“Monetize Your Business With Your Users’ CPU Power” – That’s the elevator pitch for Coinhive, a service that allows webmasters to mine Monero through the web browser’s of its visitors.
What is Monero?
On the surface, this could seem innocent enough. Webmasters need to pay for their websites, and advertising isn’t always profitable. By using a small percentage of their visitors CPUs, they can generate monero as a revenue stream. Hackers have, however, been targeting websites and secretly installing the software onto them.
Before we get into Coinhive, we need to understand what Monero is. If you are already familiar with Monero, you can skip ahead to the next section.
Monero is a cryptocurrency that has an emphasis on privacy. Unlike bitcoin, monero transactions are nearly impossible to trace. The currency is mined exclusively with CPU-powered Proof of Work (PoW).
This mining technique means that almost any computer can dig generate the currency. The advantage of CPU-powered PoW is that it also prevents industrial scale mining and centralization to occur and instead encourages decentralization.
In recent months, the value of monero has seen a sharp increase in line with other popular cryptocurrencies. At press, one unit of monero, or XMR, is valued at $175.
Coinhive Enters the Public Eye
Earlier this year, Coinhive made a splash after being discovered on popular BitTorrent site, The Pirate Bay. Users noticed that when they had the page open, their CPU usage was spiking.
The Pirate Bay claimed that this was just an experiment and that they had accidentally set the CPU use threshold too high. A month later after being removed, the mining script appeared again and is still there to this day.
While this usage of Coinhive was intentional, the software started to appear on an odd array of well-known sites. One of which was PolitiFact, a fact-checking website for promises and claims made by politicians. An anonymous user seemed to have fraudulently installed the Coinhive software, and the company quickly removed it.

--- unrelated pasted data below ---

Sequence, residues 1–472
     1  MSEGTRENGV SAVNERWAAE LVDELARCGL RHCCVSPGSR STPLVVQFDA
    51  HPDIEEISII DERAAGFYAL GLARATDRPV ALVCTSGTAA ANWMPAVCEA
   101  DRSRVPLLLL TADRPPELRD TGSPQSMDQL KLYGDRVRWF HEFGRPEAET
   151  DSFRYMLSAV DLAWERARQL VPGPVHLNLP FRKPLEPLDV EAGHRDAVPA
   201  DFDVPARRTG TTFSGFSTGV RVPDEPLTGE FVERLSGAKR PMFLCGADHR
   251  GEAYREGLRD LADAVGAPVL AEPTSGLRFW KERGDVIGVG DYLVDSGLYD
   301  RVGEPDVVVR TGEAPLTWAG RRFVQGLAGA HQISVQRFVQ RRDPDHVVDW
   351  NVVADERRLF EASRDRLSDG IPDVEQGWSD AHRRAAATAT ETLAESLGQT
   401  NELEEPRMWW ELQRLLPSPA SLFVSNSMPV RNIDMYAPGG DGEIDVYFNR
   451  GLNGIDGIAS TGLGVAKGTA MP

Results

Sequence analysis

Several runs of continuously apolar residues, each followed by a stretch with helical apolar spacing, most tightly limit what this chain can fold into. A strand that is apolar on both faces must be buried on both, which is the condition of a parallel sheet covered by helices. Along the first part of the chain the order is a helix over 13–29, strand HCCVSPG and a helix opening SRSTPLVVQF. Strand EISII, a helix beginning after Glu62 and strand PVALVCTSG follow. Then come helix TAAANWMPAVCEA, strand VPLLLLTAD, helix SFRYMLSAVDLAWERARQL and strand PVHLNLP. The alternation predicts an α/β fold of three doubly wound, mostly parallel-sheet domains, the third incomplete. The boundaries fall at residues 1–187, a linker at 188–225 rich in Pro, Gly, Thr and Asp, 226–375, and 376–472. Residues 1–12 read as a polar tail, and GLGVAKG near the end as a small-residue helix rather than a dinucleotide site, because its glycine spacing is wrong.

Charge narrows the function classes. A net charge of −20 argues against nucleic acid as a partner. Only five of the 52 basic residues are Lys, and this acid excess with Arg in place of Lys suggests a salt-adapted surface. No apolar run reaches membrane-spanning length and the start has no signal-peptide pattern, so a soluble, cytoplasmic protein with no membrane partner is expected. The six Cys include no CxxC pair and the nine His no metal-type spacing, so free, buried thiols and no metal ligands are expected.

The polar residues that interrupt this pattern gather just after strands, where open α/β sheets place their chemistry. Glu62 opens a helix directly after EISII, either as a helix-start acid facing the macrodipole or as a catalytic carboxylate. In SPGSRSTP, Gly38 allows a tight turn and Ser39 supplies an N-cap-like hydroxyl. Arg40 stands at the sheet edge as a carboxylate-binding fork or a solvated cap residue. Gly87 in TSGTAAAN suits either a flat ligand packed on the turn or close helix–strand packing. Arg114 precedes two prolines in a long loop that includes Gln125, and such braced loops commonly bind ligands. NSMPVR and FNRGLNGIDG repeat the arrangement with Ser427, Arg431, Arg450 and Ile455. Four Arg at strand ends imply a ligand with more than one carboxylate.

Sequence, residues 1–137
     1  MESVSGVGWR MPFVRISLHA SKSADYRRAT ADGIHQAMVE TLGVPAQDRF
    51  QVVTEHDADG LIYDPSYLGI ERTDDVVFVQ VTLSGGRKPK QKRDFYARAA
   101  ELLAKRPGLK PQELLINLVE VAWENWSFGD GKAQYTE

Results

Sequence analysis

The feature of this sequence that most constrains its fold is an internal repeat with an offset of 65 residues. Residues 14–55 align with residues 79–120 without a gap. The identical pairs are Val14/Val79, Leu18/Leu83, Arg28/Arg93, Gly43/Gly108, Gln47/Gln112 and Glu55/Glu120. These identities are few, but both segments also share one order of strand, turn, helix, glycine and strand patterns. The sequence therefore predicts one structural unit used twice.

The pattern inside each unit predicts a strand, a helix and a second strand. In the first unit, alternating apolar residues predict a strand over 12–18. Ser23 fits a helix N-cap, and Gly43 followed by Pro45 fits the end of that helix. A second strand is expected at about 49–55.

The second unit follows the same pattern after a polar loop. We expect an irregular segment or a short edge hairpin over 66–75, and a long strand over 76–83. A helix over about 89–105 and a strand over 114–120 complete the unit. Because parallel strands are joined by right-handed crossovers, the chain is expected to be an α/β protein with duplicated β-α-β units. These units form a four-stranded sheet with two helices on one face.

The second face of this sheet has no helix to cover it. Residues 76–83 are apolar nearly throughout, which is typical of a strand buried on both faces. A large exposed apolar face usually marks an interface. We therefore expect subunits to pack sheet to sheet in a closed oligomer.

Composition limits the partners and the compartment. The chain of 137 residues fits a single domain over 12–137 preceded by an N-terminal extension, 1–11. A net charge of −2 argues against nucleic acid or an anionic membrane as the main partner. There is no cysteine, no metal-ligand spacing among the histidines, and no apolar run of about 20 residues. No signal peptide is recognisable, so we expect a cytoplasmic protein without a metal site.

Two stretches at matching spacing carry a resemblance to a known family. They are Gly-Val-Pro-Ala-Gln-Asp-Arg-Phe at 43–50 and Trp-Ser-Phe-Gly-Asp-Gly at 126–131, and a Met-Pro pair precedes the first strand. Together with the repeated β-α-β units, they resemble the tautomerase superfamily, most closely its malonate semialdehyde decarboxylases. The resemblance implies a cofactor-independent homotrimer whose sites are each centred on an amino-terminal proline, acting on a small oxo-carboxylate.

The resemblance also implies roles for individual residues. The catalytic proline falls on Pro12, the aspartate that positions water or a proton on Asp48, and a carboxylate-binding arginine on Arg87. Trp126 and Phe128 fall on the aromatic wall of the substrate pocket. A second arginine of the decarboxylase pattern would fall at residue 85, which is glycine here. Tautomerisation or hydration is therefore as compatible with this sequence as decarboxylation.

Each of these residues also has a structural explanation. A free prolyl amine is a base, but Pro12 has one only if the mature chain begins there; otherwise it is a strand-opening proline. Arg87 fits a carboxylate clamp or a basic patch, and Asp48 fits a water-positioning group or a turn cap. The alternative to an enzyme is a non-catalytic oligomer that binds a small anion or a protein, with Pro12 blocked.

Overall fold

500 Million Users Targeted
According to AdGuard, as many as 500 million users have thus far been targeted with the surreptitious mining of Monero. The AdGuard piece suggested that even though stealth mining is widespread, it is not particularly profitable.
The 500 million users refer to the 220 sites out of the top 100,000 web pages that have some form of CPU mining installed. If the value of XMR continues to climb, however, it is possible that this sort of browser mining could become more profitable than traditional ads. Independent security researcher Troy Mursch reckons that Coinhive could be making anywhere between $3.7 million and $5 million annually, even after accounting for the 30 percent cut they receive, based on figures from the webminer’s own website.
From here we can see the creation of an altogether novel market. As more and more web users are increasingly using ad blockers, web browser mining may become an essential part of web browsing in the future.
The Future of Browser Mining
Coinhive itself has recommended that all websites that use its technology should put a visible notice on their pages indicating that mining is happening. What’s unclear is whether or not webmasters will comply with this suggestion or not.
For those who do not want to have mining software running in the background and without their knowledge, several anti-mining plugins have been developed that can be used today. Some examples include AntiMiner, NoCoin, and MinerBlock.
As cryptocurrency adoption grows, we are likely to see more and more stealth mining across the board. Some will be legitimate and in the open, and some will be the work of hackers.